My fiancé and I have three dogs – all Labrador retrievers. I adore them all equally, but for such different reasons. Like human siblings, my pups might share lineages, but their personalities vary widely.
As a dog mom, I, of course, don’t have a favorite pup. Lenny, the youngest, is the best at cuddling. Miranda, the smallest, is my best running buddy. And Gideon, my biggest, is the only one I can count on to consistently catch a ball when I throw it.
I’ve also found Gideon to be the best at meeting new human friends – especially when those new friends are young children.
Very much still a puppy, Lenny, the yellow lab, often jumps and tries to get a good face lick which, understandably, can frighten children. Miranda, my special girl, has severe anxiety. She’s never snapped at a human before but often fears meeting new people and takes at least a few minutes to warm up to strangers.
Gideon, though – my big, dopey Gideon – sits patiently, listening to any commands I might give him, waiting patiently for his opportunity to meet someone new.
Unfortunately, many kids do not want to meet Gideon initially. Instead, they want to pet tiny, terrified Miranda.
I distinctly remember taking a walk around the Southwood pond one night, Gideon and Miranda leashed and by my side, when two little girls came up and very politely asked if they could pet my dogs. I was so impressed that they asked for permission!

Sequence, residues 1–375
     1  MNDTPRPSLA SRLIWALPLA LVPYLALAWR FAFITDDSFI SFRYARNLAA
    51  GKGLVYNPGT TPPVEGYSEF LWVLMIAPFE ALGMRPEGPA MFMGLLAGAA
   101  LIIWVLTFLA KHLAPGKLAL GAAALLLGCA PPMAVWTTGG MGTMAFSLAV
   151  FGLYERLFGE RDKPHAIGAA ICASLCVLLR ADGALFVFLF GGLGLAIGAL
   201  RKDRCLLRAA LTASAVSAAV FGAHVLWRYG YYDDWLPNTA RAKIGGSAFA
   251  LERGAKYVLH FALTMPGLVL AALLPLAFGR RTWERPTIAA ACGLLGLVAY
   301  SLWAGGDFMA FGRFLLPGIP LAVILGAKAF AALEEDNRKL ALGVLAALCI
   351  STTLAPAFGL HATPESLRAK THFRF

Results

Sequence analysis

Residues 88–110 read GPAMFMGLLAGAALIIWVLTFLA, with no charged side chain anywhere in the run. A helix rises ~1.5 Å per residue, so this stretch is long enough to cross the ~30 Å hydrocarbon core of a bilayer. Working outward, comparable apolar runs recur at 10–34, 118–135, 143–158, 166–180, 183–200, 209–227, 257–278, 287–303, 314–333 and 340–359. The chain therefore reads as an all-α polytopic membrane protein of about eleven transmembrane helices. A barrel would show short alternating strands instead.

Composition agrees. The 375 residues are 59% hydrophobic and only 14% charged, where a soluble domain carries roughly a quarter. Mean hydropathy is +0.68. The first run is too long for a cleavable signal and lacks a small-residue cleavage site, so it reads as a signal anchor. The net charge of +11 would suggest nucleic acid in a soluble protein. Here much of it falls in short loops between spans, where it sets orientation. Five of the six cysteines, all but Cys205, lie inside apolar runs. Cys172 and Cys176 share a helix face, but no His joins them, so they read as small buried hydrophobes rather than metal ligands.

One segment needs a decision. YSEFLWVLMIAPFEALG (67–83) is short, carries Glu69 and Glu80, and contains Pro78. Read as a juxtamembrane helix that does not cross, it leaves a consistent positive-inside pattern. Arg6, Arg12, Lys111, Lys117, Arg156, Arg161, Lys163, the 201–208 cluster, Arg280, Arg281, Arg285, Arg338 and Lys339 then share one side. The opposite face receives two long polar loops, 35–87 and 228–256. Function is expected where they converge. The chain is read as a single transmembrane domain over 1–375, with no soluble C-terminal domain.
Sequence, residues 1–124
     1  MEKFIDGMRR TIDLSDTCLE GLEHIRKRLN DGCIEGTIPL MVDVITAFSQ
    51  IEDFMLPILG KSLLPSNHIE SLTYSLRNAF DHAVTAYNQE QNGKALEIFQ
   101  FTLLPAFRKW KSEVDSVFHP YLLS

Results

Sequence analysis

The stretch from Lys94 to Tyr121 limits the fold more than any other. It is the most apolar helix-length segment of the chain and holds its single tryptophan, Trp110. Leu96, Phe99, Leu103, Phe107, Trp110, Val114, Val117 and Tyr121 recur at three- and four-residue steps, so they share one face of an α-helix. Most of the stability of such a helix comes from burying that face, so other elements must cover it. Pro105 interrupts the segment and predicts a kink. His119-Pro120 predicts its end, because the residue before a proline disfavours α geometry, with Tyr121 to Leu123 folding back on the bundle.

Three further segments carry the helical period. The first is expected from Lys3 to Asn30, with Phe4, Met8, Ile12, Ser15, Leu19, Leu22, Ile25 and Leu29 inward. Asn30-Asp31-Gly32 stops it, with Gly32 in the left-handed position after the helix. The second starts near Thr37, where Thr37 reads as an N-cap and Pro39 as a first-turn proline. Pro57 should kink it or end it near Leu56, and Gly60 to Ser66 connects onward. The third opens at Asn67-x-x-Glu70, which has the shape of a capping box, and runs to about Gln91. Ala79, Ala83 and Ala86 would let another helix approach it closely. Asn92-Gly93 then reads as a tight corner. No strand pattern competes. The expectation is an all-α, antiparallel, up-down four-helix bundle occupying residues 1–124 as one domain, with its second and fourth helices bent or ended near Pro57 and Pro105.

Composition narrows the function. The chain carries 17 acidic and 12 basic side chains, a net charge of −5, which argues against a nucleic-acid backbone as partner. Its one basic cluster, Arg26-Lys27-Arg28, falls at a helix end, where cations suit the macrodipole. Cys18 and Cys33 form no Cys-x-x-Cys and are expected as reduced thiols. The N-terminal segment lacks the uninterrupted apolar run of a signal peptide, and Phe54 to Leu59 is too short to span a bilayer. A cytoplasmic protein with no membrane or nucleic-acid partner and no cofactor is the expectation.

“Please don’t pet the small one,” I said, shortening Miranda’s leash to have better control over her and the situation. “She’s afraid of strangers. But the big one, Gideon, he loves pets!”
To my surprise, both girls both lunged for Miranda, arms open wide, pushing their faces up against hers. My heart beat wildly as Miranda pulled my arm backward in a frantic attempt to flee.
Luckily, the girls only needed a quick reminder to please pet the big dog, and they respectfully listened.
I do understand – and actually relate to – the temptation to pet the smallest, tiniest, pup in the bunch. Miranda looks the safest, the most cuddly; not to mention, she has these big, round, brown eyes that seem to plead with you to pet her. But sometimes, looks can be deceiving! I’ve spent the past three years raising Miranda, and, while she has been nothing but sweet and loving to humans thus far, she does have a lot of nervous energy. So I try to divert attention away from her in stressful situations and toward Gideon, who has been around more children and whose responses to them are more predictable.
Many children might fear Gideon, who, sitting upright, stares them right in the eye because he’s just as big as they are.
They see I’m sure, his oversized jowls often dripping with spit from an exerting – but exciting! – walk. They see his wide-open mouth, and they might forget his big, dopey tongue is sticking out and instead zero in on his large teeth. The focus might be less on how Gideon’s tail is wagging because he’s excited to meet a new friend and more on how loud it thumps when it hits the ground.
I understand. My boy, he’s big. He can be intimidating.
But it’s my job, as my pets’ owner, to be cognizant of their behaviors and warning signs. It’s my job to do everything I can to ensure introductions between my pets and new children are positive experiences for everyone involved. So, when I see Miranda’s tail go between her legs or she runs behind my body and away from the tiny, welcoming arms of children she’s never seen or smelled before, it is my duty to protect not only her but also her new human friends. I promise I am thinking not only of the safety of my pups but also of your children when I direct them away from my littlest girl and ask them to please pet the big dog.
Have you talked to your kids about the importance of asking permission before petting dogs? What tactics have you used in doing so?